How to Reduce Facial Redness From Sunburn

In an ideal world, we'd never get sunburns, but sometimes long days filled with sweat and surf can easily foil our best efforts to keep sunscreen in place, particularly on the face. The sunburn that results is not only painful, but leaves your skin inflamed and red, due to dilated skin cells caused by UV rays. By keeping your skin cool, hydrating, and applying some simple techniques to reduce inflammation, you can help to reduce redness while easing some of the pain as well.

Young woman wearing a sunhat outside. (Image: Jack Hollingsworth/Blend Images/Getty Images)

Reduce Inflammation

Step 1

Reduce inflammation immediately by taking a painkiller, either aspirin or ibuprofen, as soon as you discover your sunburn. This will also help to reduce pain.

Step 2

On the first day of the burn, use a natural topical soothing agent like cold yogurt, which also contains healing probiotics, to help cool your skin and reduce inflammation even further. Apply the yogurt directly to your face, and leave on for 10 minutes before washing off.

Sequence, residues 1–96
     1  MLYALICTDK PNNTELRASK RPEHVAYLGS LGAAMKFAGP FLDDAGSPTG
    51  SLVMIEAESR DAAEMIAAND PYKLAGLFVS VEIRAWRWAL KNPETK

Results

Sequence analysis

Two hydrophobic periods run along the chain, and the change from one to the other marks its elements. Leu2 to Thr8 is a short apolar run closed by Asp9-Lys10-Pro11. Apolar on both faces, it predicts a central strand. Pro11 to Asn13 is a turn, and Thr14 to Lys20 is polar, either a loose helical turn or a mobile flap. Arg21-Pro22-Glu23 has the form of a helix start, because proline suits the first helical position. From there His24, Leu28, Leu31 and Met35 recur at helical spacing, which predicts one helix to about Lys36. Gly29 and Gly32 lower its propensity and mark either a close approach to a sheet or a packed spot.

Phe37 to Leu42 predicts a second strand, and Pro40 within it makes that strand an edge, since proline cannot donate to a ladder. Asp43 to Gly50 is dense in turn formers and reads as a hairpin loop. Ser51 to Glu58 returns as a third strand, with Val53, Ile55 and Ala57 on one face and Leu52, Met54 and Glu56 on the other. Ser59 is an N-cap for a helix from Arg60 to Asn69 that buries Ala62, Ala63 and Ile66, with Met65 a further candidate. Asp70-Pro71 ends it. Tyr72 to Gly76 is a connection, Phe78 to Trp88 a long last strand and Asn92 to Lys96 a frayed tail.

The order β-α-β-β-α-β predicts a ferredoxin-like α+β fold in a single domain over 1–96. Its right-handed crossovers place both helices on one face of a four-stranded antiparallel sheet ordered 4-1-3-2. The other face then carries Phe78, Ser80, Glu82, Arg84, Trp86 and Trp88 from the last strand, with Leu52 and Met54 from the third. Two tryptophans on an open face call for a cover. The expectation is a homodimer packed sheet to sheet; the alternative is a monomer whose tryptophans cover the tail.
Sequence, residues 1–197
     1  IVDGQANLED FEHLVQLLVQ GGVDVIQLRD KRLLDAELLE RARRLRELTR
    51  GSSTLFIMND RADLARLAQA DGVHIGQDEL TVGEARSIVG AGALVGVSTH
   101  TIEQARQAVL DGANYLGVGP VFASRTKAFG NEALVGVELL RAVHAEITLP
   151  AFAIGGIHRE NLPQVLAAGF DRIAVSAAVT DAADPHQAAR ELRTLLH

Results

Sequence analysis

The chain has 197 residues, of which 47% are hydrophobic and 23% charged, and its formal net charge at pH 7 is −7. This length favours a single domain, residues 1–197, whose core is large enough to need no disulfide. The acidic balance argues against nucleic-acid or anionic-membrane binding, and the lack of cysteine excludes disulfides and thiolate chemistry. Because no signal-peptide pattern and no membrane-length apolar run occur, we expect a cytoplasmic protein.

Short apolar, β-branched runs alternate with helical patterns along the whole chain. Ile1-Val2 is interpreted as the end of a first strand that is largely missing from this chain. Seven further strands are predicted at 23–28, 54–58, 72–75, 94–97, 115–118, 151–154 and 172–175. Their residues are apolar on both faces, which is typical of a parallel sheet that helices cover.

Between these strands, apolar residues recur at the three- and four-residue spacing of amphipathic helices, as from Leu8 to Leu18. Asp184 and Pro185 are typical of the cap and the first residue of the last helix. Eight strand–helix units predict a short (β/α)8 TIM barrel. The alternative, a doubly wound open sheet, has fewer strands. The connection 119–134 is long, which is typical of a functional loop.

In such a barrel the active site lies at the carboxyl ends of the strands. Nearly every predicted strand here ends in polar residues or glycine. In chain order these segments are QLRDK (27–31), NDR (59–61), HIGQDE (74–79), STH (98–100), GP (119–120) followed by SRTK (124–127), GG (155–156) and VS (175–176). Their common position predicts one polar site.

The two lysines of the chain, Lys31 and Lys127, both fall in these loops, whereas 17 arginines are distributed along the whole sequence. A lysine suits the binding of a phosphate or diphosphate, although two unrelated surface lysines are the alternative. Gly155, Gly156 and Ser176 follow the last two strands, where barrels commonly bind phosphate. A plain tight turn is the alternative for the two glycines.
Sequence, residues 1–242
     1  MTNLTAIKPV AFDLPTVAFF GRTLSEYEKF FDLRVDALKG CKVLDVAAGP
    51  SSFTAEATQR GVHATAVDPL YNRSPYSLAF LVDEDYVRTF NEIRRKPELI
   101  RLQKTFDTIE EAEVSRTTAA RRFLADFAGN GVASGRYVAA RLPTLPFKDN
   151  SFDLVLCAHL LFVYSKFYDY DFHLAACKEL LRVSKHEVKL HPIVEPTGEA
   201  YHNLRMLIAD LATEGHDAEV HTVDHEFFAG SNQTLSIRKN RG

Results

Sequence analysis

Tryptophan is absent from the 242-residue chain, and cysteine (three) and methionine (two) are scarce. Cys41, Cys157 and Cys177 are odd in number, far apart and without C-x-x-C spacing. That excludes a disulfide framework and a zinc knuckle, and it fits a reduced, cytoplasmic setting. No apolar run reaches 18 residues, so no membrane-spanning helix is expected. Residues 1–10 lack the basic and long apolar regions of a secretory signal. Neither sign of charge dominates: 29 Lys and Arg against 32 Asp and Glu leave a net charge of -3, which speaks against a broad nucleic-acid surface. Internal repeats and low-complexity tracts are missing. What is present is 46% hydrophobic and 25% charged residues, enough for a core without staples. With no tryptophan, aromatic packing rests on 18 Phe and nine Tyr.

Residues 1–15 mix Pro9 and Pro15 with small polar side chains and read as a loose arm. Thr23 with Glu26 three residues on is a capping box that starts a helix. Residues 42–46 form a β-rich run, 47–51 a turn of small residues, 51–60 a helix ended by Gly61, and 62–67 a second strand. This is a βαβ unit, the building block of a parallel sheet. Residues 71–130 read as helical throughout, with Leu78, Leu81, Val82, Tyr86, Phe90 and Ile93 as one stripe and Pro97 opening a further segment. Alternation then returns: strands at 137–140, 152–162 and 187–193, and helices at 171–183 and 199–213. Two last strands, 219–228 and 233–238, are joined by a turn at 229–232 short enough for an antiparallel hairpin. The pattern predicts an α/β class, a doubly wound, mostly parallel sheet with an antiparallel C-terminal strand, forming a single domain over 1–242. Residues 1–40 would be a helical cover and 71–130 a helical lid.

Step 3

Apply chilled aloe vera to help soothe the skin in the days following the burn. Aloe vera helps to lower the temperature of the skin and promote healing, and will be even more soothing if it has been cooled in the refrigerator.

Step 4

Apply a light moisturizer to your face daily throughout the course of your sunburn to soothe the skin and hydrate it. This helps to promote fast repair, as well to eradicate irritating peeling skin.

Step 5

Drink lots of cold water daily, to both hydrate your body and keep your temperature down. This will serve to promote fast repair and reduce inflammation.

Prevent Irritation and Further Exposure

Step 1

Limit your sun exposure during your sunburn as your skin is sensitive and easily affected in this state.

Step 2

If you do go outside while your face is sunburned, protect your face with minimum SPF 15 sunscreen. Add a hat or visor for maximum protection.

Step 3

Treat your skin well. Avoid exfoliators or harsh skin-care products during the course of your sunburn to prevent further inflammation or irritation. When cleaning your face, use a gentle cleanser and pat with a soft washcloth.

Things You'll Need

  • Aspirin or Ibuprofen

  • Cold yogurt

  • Aloe vera gel

  • Moisturizer

  • Cold drinking water

  • Hat (optional)

  • Facial Sunscreen

Tip

If you are allergic to dairy products, try a cold compress soaked in an oatmeal and water solution, or even just a washcloth soaked in ice-cold water in place of yogurt.

While the remedies described are all-natural, if you feel you need a stronger anti-inflammatory treatment, look for a topical hydrocortisone cream at a drugstore and apply as directed.

REFERENCES & RESOURCES
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